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From: "D Poinsett"
Subject: Re: To C or not to C
Date: Sat, 4 Jan 2003 07:28:32 -0500
Organization: Posted via Supernews, http://www.supernews.com
X-Newsreader: Microsoft Outlook Express 6.00.2800.1106
The serious embedded software designer will often need both C and assembler
for projects that require efficient use of the programmer's time and speedy
operation. For small projects (<32K) that require no floating point I highly
recommend the Dunfield C compilers. Available for numerous processors, these
compilers are modestly priced, reliable, all code in the library is
provided, the output is very tight, inline assembler is supported, the
compiler only invokes sections of the library that are actually used, and
the products are well supported. I've been using Dunfield stuff for about 10
years and love it. Having the code to the library is a joy because you can
tweak it to your own unique needs.
The Dunfield compilers may be configured to provide assembly listings of the
final code (even after optimization) so you have the option to examine the
results at this level of detail. Although I frequently use inline assembler,
I have been surprised at the number of times that I could not do much better
than the compiler in terms of efficiency or code size particularly for more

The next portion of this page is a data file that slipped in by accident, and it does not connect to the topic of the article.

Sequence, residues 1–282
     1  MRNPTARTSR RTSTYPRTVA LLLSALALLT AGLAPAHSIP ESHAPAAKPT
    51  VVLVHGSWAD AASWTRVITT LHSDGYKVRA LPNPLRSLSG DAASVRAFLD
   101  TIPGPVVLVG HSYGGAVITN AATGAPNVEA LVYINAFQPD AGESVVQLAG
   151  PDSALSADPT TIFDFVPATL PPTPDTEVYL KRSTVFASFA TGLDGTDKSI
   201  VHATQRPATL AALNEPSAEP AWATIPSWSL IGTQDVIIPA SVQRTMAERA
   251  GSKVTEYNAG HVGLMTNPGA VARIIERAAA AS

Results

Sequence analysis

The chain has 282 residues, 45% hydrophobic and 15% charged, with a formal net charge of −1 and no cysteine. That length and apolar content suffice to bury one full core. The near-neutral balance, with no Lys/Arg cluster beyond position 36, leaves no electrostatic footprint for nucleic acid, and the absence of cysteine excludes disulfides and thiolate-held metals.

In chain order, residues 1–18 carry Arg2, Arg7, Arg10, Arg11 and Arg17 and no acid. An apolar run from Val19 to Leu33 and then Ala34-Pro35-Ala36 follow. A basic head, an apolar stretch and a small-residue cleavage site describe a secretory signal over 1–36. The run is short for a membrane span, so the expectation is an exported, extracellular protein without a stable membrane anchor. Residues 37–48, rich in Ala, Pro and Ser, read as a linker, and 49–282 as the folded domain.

complex functions. It also lets you see how the compiler produces the
results so you can code in C in ways that take best advantage.
Many newer processors are designed knowing that the firmware will likely be
written in stack intensive languages like C and therefore include on-chip
hardware and assembly instructions that maximize efficiency for these
operations. The Moto HC12 family is a good example.
I have built a nice C function library over the years and this has made it
very easy to start using new processors. You will not regret learning and
using C if you are serious about embedded system design.
One final note: you would be surprised how much you can do without floating
point math. Eliminating this from your C library will save lots of room in
projects where code size is critical. Smaller and faster scalable
long-integer functions (included in the Dunfield suite) will often take care
of most higher precision math when needed.
"Michael Culley" wrote in message
> Thanks to everyone's help here my small project has progressed well. I now
> had a completed (although very messy) prototype. For those who didn't read
> my previous thread it is using an 8051 and a max232 to connect to a serial
> port. I'm doing this project with a friend and he prefers to use C while I
> prefer to use assembler. We have both written the software and both
> work the same with only minor differences. I can see 2 problems with using
> C. First, there is alot of extra assembly code added in that we don't know
> what it does, if this produces a bug it could be hard to track down.
> it appears to use alot more of the rom. The assembler version is 757 bytes
> and the C version is 1508 bytes. About 350 bytes is text in both, so the C
> code is almost 3 times larger than the assembler version. The C version
> had quite a few hours spent on it getting it down to 1500 bytes where the
> assembler version hasn't been optimised. 1500 bytes seams like a huge
> when we only have 2k.
> What does everyone think, which is better C or assembler? We are using
> Michael Culley
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